class for subsystem servers. With that in mind, general usage should
follow the example above in the I<SYNOPSIS>:

=over 4

=item * Initialization

If you want your subclass to do anything, you'll want to override
the I<init> method so that you can set up handlers for specific
types of messages from the subsystem client. For each message
type, you need to associate the type with a subroutine reference
that will be invoked when a message of that type is received
by the core server. You do this by calling the I<register_handler>
method (see below).

=item * Message Handling

When the core server receives new messages from the client, it
grabs the first byte from the incoming stream; the first byte is
a packed 8-bit integer representing the type of the message. This
identifier is used to look up the message handler to handle this
particular type of message.


These are the public methods in which your subclass will be most

=head2 $ss->init(%args)

Initializes the subsystem server object. This is where you'll
want to set up your message handlers (using I<register_handler>)
and perhaps perform any other protocol-specific initialization.

Make sure that your I<init> method returns the I<$ss> object
on success; failure to return I<init> should be an indication
of failure to calling code.

I<%args> can contain whatever you like it to contain. The base
class I<Net::SSH::Perl::Subsystem::Server> takes these
parameters in I<%args>:

=over 4

=item * Log

The location of a file on disk where you can write messages
to be logged. This is the file to which messages sent to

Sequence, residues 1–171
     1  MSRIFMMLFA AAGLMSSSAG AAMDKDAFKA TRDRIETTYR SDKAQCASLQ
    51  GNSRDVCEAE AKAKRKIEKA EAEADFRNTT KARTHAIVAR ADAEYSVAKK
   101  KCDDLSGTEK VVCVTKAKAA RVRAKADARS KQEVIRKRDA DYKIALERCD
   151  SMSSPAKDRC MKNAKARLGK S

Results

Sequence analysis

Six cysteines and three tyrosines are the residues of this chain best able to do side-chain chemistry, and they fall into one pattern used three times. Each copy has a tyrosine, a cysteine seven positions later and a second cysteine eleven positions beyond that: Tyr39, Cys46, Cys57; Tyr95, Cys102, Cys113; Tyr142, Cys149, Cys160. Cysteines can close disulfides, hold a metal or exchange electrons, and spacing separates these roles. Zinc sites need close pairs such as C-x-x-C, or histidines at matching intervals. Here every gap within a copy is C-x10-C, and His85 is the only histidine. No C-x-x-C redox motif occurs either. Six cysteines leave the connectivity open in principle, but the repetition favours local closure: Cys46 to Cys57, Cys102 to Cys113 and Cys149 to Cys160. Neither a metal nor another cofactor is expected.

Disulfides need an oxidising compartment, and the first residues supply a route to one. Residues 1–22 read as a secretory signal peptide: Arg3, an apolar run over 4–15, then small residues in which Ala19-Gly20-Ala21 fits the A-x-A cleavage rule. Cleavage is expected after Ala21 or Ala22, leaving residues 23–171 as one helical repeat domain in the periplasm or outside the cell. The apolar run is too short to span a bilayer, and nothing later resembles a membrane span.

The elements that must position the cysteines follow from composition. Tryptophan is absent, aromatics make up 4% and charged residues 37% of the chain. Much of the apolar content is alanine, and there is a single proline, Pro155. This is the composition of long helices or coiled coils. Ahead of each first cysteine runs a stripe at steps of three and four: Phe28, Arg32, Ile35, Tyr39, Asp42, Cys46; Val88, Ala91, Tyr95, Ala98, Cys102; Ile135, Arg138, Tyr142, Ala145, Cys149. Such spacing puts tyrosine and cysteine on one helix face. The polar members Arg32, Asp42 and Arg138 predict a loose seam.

the I<log> method (below) will be written.

This is an optional argument; if not specified, no log file
will be used, and calls to I<log> will be silently ignored.


=head2 $ss->register_handler($type, $code)

Configures the subsystem server I<$ss> such that any message
sent from the client whose type is I<$type> will automatically
invoke the subroutine reference I<$code>. This is how you build
protocol-specific functionality into your subsystem: you
associate message types with methods.

The subroutine reference I<$code> will be invoked and given
two arguments: I<$ss>, the instance of the subsystem server
that is blessed into your subclass, and I<$msg>, a buffer in
the class I<Net::SSH::Perl::Buffer> (although you can choose
a different buffer class--see I<buffer_class>, below).

=head2 $ss->send_msg($msg)

Sends the message I<$msg> to the client. Or, in more technical
terms, adds the message I<$msg> to the server's output queue, to
be written back to the client the next time through the select

I<$msg> should be a buffer in the class I<Net::SSH::Perl::Buffer>
(although you can choose a different buffer class--see
I<buffer_class>, below).

=head2 $ss->serve

Enters the select loop, waiting for requests from the client.
Users of your class should call this method when they're
ready to start serving clients.

=head2 $ss->log($message)

Writes the log message I<$message> to the log file, if one was
specified as the I<Log> argument to I<init> (or, rather, to the

If a log file was not specified, returns silently.

=head2 $ss->buffer_class

By default, messages are represented by I<Net::SSH::Perl::Buffer>
objects. You can alter this by overriding the I<buffer_class>
method; it should return the name of an alternate class. Be aware
that this alternate class I<must> conform to the interface used
by I<Net::SSH::Perl::Buffer>, so you may be best off subclassing
that class and adding in your own functionality.

=head1 NOTES

It should be noted that the external interface (API) to this
module is alpha, and could change.


Please see the Net::SSH::Perl manpage for author, copyright,
and license information.